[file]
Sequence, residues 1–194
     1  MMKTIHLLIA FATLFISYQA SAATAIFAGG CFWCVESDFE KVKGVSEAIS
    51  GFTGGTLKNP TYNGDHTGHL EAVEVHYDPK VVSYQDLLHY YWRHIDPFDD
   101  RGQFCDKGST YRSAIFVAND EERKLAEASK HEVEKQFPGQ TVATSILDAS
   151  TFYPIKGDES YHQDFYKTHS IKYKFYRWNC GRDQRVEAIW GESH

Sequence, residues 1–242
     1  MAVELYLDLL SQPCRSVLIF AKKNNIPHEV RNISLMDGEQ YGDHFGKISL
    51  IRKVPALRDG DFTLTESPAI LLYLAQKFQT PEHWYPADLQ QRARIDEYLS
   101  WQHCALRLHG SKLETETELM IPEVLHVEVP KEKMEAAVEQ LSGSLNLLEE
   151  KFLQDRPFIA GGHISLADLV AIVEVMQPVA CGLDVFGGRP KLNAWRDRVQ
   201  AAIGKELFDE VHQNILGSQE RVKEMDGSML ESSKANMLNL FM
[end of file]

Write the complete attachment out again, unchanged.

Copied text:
Sequence, residues 1–194
     1  MMKTIHLLIA FATLFISYQA SAATAIFAGG CFWCVESDFE KVKGVSEAIS
    51  GFTGGTLKNP TYNGDHTGHL EAVEVHYDPK VVSYQDLLHY YWRHIDPFDD
   101  RGQFCDKGST YRSAIFVAND EERKLAEASK HEVEKQFPGQ TVATSILDAS
   151  TFYPIKGDES YHQDFYKTHS IKYKFYRWNC GRDQRVEAIW GESH

Sequence, residues 1–242
     1  MAVELYLDLL SQPCRSVLIF AKKNNIPHEV RNISLMDGEQ YGDHFGKISL
    51  IRKVPALRDG DFTLTESPAI LLYLAQKFQT PEHWYPADLQ QRARIDEYLS
   101  WQHCALRLHG SKLETETELM IPEVLHVEVP KEKMEAAVEQ LSGSLNLLEE
   151  KFLQDRPFIA GGHISLADLV AIVEVMQPVA CGLDVFGGRP KLNAWRDRVQ
   201  AAIGKELFDE VHQNILGSQE RVKEMDGSML ESSKANMLNL FM